Photographs by Chris Marais
The little southern Free State dorp of Jagersfontein might not bring a gleam to a tourist’s eye, but just mention the name to any geologist worth his shovel and he’ll do a jig on the spot.
That’s mainly because there are rocks around here that could be from 400 kilometres below the Earth’s surface, in the heart of the planet’s upper mantle.
De Beers closed their Jagers mine quite abruptly in 1971 – something of a tragedy for this formerly delightful little town.
The first air fatality in Africa occurred here, as did the South Africa’s most prestigious horse race meet of the late 1800s. King Edward VIII, then the Prince of Wales, spent three days in Jagers (as it’s affectionately known) during a 1925 Royal visit.
The Bigger Hole
Jagersfontein’s Big Hole (currently closed to the public) is even bigger than Kimberley’s – deeper and wider – much to the chagrin of tourism entrepreneurs in the better known town up in the Northern Cape.
And unlike many old diamond mining towns, the dumps here are thought to still contain billions of rands in diamonds. As recently as 1999, gardener Oom Piet Oerson found a 12 carat diamond in his employer’s flower bed. (After many anxious days, he was given a reward by De Beers – a third of the stone’s value.)
William le Barrow, photographer and scribe for Jagersfontein Mine during its heyday in the 1940s and 1950s, records that the town was originally a Griqua farm, named for chieftain Jager Afrikaner. The farm was then bought for 30 pounds in 1856 by Cornelius Johannes Visser, a rough character by all accounts.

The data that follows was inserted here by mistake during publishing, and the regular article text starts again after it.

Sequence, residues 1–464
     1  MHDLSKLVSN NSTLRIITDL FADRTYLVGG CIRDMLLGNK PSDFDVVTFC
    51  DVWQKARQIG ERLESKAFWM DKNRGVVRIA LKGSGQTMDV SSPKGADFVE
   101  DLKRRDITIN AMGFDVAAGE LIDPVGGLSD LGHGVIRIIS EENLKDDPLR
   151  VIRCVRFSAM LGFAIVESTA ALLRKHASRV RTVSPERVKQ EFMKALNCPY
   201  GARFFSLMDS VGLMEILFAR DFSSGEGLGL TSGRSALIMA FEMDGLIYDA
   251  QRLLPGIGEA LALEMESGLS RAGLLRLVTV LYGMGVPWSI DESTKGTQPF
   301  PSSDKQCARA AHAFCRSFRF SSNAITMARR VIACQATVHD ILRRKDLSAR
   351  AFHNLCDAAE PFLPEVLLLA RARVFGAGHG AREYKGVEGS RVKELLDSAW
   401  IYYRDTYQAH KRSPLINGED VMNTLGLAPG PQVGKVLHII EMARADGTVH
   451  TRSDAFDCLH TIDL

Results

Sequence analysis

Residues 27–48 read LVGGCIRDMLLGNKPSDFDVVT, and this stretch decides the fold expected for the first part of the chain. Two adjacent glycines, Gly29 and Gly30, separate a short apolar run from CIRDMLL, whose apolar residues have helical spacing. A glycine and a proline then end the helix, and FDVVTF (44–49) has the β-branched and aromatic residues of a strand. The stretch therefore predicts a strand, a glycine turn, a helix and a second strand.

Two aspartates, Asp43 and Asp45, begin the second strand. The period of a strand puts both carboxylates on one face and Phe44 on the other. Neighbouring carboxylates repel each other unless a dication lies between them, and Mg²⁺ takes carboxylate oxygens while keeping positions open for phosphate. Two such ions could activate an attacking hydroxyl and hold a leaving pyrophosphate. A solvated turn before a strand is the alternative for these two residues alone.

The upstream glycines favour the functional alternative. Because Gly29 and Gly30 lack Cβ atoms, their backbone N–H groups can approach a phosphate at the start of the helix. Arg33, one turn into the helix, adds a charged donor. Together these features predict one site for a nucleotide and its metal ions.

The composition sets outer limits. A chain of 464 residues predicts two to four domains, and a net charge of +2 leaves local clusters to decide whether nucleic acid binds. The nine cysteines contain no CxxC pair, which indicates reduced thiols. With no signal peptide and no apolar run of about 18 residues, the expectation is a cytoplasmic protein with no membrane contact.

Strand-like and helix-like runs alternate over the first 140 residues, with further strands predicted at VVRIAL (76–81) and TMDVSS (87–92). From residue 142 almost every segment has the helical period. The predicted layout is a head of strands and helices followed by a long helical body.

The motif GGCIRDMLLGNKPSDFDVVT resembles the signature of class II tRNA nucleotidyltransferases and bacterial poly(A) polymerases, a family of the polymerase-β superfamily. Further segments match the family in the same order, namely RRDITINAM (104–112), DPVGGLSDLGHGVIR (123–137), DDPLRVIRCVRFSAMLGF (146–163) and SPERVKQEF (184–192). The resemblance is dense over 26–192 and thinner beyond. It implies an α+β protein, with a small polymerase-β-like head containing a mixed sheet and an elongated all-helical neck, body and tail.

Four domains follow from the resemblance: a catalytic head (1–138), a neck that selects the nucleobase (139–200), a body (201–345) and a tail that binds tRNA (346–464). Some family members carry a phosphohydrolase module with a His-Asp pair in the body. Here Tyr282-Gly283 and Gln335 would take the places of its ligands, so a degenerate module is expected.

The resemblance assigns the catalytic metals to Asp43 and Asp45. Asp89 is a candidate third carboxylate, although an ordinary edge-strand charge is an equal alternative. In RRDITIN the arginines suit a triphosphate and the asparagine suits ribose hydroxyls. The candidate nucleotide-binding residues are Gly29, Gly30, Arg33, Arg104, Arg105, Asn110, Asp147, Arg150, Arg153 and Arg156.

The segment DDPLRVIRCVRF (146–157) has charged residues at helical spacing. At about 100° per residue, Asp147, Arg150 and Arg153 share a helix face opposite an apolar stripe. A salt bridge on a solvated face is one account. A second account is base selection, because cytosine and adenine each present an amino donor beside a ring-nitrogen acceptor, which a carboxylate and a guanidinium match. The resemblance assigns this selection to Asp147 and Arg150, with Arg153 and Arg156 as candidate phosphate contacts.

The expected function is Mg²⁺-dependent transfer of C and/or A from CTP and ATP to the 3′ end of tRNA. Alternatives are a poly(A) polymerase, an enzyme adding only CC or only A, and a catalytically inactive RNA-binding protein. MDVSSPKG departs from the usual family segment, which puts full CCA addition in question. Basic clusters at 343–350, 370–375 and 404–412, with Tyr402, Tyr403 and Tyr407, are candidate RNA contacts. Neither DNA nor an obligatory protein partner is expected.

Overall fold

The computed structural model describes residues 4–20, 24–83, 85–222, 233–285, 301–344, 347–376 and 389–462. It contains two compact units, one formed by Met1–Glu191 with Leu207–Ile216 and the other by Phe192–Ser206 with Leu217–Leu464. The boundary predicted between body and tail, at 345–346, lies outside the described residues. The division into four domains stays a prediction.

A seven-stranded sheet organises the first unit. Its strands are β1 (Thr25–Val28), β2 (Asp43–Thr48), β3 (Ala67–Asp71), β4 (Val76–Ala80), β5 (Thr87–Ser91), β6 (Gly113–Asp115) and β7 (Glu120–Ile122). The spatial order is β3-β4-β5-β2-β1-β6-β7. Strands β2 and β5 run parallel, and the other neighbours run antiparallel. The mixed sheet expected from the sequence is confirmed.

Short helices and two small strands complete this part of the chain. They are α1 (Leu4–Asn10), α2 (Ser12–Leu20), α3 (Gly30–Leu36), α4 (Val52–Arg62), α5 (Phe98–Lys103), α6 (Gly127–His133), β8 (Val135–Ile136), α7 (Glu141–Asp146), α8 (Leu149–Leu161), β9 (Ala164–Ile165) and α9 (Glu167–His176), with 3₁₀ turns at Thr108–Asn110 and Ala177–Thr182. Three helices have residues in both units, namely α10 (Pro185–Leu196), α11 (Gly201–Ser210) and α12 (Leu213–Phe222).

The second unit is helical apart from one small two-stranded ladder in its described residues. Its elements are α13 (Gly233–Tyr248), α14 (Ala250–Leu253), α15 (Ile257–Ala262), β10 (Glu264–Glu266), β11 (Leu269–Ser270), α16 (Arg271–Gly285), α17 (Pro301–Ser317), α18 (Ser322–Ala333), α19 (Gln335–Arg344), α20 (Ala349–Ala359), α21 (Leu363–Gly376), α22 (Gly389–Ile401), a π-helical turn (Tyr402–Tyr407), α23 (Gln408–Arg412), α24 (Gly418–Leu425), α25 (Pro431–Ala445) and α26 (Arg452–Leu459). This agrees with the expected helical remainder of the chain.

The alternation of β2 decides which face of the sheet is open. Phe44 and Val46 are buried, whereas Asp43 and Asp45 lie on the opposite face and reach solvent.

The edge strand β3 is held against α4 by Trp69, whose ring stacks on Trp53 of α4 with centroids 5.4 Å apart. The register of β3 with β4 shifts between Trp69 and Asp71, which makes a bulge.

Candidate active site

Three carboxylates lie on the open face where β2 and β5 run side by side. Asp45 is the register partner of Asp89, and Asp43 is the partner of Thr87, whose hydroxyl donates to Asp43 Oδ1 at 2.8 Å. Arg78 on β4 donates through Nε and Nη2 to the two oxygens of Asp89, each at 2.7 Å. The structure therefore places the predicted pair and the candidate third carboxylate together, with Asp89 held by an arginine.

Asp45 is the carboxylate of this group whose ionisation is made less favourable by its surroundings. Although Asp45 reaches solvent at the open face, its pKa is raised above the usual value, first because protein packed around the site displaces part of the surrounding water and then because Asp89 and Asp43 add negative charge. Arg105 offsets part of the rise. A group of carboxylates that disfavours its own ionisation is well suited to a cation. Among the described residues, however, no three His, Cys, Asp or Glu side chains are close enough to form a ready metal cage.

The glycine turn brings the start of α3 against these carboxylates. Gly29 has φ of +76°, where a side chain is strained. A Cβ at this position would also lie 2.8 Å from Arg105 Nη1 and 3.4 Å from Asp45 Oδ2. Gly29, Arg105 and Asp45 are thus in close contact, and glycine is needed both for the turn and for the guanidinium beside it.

His favourite sport, according to Le Barrow, was to “hunt leopards on foot and dispatch them with half a pair of sheep shears secured to a stick”.
But Visser died before he ever benefited from the diamonds lying under the earth of his farm, although some say he did once pick up a shiny stone that proved to be a diamond after his death.
His widow Jacoba Magdelena Cecilia Visser inherited the farm, which just happened to be on the road to the diamond diggings along the Orange River at Pniel and Klipdrift in 1869.
The Rich Widow Visser
In those days, diamonds were always associated with rivercourses, but a certain Dr CW Neebe of nearby Fauresmith pointed out to the Widow Visser that there were olivines, garnets and rubies on her farm, stones usually associated with diamonds.
Her overseer, a man by the name of De Klerk, then began poking about in the gravel of a dry stream-bed where he saw some garnets, and in 1870, found a diamond of fifty carats.
A few diamonds more and a stream of hopeful diggers began arriving – trying their luck in the world’s first ‘dry’ diamond mine, a year before the diamond rush began in nearby Kimberley, 130 km west.
Each digger paid a royalty of two pounds a month to Mrs Visser for the privilege of working 20 square feet. For many years, some would say everything that happened in Jagersfontein “occurred by the grace of God and Mrs Visser”. In fact, it’s said that there is even an entry in the old records at the Magistrate’s Court with the very same words.